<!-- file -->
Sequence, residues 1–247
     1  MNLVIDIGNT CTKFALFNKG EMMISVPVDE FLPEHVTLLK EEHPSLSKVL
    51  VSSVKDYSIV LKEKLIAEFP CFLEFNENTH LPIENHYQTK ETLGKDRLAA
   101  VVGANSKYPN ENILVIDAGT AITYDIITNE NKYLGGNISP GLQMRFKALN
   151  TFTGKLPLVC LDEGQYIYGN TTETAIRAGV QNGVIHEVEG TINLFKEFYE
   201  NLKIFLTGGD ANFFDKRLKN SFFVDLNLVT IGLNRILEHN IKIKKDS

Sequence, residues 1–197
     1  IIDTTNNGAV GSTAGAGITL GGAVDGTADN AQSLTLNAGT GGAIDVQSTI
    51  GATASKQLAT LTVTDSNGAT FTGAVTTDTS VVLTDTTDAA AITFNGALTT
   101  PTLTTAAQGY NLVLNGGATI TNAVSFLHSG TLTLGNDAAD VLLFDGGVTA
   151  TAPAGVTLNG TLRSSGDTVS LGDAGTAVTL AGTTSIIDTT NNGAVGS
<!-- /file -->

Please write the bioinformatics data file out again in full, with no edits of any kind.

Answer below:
Sequence, residues 1–247
     1  MNLVIDIGNT CTKFALFNKG EMMISVPVDE FLPEHVTLLK EEHPSLSKVL
    51  VSSVKDYSIV LKEKLIAEFP CFLEFNENTH LPIENHYQTK ETLGKDRLAA
   101  VVGANSKYPN ENILVIDAGT AITYDIITNE NKYLGGNISP GLQMRFKALN
   151  TFTGKLPLVC LDEGQYIYGN TTETAIRAGV QNGVIHEVEG TINLFKEFYE
   201  NLKIFLTGGD ANFFDKRLKN SFFVDLNLVT IGLNRILEHN IKIKKDS

Sequence, residues 1–197
     1  IIDTTNNGAV GSTAGAGITL GGAVDGTADN AQSLTLNAGT GGAIDVQSTI
    51  GATASKQLAT LTVTDSNGAT FTGAVTTDTS VVLTDTTDAA AITFNGALTT
   101  PTLTTAAQGY NLVLNGGATI TNAVSFLHSG TLTLGNDAAD VLLFDGGVTA
   151  TAPAGVTLNG TLRSSGDTVS LGDAGTAVTL AGTTSIIDTT NNGAVGS